Effects of marijuana on driving ability
April 9, 2014, 6:31 pm
Medical Marijuana and Driving: a Review. Neavyn MJ et al. J Med Toxicol 2014 Mar 20 [Epub ahead of print]
This excellent and comprehensive review of literature related to the possible effects of marijuana on driving skills is a must-read for anyone dealing with forensics and medical-legal cases related to the topic, or consulting with government agencies on regulatory issues. It is also helpful for any clinician who might have to counsel patents about driving and the use of medical marijuana. The 70-item reference list alone will be a great resource for further study.
As the article points out, unlike studies of alcohol, the literature relating use of cannabis, drug levels, and driving impairment has not consistently found a reliable connection. This will make legislating controls difficult and open to challenge.
This entire review is worth reading for those with an interest in the area. Here are some key points made by the authors:
- The THC metabolite THC-COOH can be present in the urine for weeks after last exposure.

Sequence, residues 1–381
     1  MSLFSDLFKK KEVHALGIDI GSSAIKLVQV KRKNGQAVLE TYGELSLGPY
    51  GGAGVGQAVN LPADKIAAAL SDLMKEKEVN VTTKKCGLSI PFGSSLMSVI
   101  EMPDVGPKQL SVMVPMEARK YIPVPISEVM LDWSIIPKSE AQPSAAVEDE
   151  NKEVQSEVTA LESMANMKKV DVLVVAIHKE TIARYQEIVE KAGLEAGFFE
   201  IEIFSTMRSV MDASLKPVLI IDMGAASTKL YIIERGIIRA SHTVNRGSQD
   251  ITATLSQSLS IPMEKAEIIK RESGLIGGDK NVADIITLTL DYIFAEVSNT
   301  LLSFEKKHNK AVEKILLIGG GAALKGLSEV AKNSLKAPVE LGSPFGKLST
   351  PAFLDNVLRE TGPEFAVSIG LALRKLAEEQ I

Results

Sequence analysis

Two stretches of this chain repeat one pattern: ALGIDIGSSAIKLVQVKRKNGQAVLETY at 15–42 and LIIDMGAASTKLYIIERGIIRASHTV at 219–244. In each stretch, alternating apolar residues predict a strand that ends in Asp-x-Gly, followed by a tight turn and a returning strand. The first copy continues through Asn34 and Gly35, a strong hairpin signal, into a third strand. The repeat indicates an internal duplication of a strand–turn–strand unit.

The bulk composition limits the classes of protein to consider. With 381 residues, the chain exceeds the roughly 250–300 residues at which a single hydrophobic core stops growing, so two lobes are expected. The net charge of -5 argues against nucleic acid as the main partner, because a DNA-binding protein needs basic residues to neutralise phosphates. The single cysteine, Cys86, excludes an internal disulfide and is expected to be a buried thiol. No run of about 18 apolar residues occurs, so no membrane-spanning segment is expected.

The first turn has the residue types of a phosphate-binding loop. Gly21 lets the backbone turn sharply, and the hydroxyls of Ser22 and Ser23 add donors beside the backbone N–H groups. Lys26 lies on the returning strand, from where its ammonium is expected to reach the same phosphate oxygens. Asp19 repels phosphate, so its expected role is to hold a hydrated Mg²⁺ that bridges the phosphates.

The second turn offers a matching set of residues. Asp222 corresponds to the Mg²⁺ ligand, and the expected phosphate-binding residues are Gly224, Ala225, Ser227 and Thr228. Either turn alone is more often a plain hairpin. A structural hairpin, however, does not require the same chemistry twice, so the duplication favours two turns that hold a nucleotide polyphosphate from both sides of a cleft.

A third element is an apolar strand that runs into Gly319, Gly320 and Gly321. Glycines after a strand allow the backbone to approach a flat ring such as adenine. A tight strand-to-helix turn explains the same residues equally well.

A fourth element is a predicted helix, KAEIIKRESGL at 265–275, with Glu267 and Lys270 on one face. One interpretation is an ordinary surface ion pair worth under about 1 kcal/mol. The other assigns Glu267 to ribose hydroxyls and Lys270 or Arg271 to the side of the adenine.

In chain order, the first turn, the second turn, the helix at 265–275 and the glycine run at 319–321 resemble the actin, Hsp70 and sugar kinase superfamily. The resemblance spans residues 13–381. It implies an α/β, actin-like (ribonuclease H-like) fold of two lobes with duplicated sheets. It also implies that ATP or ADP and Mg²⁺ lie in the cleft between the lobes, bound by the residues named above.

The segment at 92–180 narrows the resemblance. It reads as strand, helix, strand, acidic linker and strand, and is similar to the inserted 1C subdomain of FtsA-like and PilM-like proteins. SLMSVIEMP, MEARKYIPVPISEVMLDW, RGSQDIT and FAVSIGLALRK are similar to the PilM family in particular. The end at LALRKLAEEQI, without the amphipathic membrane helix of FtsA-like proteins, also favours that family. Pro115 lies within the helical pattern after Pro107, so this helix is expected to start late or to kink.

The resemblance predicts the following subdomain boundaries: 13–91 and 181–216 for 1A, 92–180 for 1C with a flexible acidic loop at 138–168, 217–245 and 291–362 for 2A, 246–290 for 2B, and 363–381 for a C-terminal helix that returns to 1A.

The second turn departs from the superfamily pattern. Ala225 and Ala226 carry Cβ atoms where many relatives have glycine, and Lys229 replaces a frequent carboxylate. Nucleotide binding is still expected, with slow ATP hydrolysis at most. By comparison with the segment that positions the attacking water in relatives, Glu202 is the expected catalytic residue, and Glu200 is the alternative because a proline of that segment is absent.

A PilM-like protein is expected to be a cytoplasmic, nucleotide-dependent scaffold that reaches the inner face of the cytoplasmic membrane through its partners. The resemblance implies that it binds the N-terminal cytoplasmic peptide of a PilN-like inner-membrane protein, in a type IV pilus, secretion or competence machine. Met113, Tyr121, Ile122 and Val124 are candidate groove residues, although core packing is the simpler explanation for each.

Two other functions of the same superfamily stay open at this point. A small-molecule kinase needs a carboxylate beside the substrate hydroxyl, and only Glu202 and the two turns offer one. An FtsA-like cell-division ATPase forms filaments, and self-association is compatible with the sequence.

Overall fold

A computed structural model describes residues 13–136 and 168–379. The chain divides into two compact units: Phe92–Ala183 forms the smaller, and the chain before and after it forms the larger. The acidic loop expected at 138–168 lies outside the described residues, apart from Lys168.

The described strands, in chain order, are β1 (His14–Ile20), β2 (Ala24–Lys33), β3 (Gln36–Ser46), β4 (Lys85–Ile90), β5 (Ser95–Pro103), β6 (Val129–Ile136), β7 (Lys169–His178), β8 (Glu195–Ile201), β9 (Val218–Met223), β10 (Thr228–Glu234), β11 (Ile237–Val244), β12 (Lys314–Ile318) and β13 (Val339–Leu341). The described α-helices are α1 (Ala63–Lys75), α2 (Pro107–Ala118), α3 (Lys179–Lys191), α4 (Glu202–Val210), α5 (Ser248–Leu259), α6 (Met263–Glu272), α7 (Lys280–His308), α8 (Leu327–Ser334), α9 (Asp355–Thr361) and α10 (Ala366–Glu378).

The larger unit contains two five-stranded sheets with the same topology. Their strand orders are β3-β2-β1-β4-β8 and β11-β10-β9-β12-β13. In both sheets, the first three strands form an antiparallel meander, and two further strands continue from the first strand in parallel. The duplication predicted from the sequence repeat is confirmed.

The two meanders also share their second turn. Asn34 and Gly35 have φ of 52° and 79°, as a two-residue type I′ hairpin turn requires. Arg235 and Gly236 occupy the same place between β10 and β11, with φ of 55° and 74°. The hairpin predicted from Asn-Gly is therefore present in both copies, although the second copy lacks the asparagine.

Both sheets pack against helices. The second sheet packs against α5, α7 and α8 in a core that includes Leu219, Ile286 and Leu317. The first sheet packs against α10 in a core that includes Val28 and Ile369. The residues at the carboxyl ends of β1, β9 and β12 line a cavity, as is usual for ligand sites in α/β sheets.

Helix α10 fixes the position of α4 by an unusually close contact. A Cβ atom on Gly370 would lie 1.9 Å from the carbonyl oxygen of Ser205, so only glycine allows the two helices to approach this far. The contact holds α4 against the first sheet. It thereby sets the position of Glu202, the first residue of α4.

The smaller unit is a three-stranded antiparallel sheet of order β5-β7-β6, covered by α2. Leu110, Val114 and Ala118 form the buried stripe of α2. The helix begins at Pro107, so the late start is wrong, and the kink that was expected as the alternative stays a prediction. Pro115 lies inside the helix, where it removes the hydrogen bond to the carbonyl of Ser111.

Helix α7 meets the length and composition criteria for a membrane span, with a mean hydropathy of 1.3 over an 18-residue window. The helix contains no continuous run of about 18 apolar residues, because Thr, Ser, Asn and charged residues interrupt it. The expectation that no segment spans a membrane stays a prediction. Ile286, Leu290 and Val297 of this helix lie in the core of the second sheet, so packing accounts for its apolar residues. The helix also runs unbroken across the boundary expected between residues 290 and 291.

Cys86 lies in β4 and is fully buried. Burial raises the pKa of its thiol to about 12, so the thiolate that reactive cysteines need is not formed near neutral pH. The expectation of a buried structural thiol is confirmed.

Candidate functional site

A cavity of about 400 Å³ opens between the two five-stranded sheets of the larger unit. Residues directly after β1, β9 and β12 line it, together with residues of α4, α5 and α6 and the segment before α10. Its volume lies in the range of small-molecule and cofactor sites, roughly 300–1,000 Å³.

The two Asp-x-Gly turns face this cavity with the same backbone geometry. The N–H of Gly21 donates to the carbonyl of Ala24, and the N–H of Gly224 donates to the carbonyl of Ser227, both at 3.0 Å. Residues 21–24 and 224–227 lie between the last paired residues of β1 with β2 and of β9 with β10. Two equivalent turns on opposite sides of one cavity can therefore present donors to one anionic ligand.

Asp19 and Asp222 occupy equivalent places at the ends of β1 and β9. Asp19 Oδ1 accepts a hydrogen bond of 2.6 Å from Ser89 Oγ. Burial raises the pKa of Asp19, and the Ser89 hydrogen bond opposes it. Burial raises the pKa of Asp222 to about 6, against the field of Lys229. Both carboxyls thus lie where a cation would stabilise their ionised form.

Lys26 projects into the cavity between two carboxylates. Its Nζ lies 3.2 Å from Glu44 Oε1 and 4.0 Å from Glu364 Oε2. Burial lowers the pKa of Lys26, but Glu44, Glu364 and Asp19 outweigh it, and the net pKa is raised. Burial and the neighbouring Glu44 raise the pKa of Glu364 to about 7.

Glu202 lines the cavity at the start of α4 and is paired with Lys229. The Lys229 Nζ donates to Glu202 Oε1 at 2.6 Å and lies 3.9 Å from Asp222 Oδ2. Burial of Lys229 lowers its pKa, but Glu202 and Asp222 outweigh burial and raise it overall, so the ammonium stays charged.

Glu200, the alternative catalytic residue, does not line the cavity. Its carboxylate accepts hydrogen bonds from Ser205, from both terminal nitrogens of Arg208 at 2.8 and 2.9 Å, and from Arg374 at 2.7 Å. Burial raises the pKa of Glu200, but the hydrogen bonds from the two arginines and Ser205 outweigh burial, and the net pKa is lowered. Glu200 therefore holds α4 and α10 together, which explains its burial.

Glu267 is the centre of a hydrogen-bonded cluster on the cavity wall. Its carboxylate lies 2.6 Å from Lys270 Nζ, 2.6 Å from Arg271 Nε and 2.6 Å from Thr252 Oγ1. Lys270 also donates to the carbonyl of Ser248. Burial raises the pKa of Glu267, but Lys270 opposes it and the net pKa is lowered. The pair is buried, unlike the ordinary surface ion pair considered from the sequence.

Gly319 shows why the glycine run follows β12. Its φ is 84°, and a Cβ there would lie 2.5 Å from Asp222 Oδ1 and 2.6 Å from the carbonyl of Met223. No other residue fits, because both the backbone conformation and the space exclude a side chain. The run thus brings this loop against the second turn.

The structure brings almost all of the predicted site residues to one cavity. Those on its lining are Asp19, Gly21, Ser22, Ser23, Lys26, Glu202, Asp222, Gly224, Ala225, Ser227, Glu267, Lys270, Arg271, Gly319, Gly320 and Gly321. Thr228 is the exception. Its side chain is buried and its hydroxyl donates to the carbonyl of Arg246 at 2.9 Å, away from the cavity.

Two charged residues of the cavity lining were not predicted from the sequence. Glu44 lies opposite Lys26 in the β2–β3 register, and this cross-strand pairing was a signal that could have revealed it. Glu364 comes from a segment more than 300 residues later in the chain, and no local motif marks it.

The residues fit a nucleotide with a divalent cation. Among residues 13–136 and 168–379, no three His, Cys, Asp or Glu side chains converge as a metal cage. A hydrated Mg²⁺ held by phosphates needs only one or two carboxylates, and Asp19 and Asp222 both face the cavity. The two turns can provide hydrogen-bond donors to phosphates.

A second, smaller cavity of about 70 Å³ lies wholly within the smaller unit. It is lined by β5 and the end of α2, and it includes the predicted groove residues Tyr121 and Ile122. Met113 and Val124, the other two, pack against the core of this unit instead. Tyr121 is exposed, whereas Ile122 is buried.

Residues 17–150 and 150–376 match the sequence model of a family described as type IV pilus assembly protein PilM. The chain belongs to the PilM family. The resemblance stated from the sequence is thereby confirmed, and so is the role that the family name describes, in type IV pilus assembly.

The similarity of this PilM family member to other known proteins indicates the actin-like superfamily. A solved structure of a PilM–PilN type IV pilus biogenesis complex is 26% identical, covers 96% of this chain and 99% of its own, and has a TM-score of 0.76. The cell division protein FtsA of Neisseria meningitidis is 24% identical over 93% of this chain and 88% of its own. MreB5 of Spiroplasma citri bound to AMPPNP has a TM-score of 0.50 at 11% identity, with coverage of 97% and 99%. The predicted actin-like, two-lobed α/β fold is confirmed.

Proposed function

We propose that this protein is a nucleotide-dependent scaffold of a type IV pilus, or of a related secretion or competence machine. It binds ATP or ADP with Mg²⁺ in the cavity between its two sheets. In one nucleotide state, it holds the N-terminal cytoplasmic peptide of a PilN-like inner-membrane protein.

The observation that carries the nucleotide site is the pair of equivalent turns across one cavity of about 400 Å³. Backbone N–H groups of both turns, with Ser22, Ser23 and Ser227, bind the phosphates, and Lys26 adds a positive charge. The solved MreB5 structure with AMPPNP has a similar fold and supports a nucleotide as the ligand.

- Some studies finding no relation between marijuana use and driving impairment used urine drug screens for THC-COOH as a marker for use, a clear invitation to bias.
- Studies have indicated that marijuana use impairs visual tracking, reaction time, and attention.
- Blood THC concentrations are only measurable in the first 2 hours after smoking, but cognitive and motor effects may last for 8 hours or longer.
- A negative blood test for THC does not rule-out impairment from marijuana.
- Whereas laboratory studies have consistently demonstrated marijuana-induced impairment of vision, coordination, and attention, driving-simulation studies have not been as clear.
- Studies demonstrate that alcohol impairs driving ability along with the subject’s ability to perceive the impairment; in contrast, cannabis makes the subject feel he is more impaired than he actually is.
Finally, the authors recommend that those with a subjective “high” from medical marijuana refrain from driving for a least 8 hours.
[NOTE: The original post stated that this article would not be that useful for clinicians. On reflection, I believe that was wrong for the reason stated above. As a result, I have also upgraded the paper to 4.5 skulls.]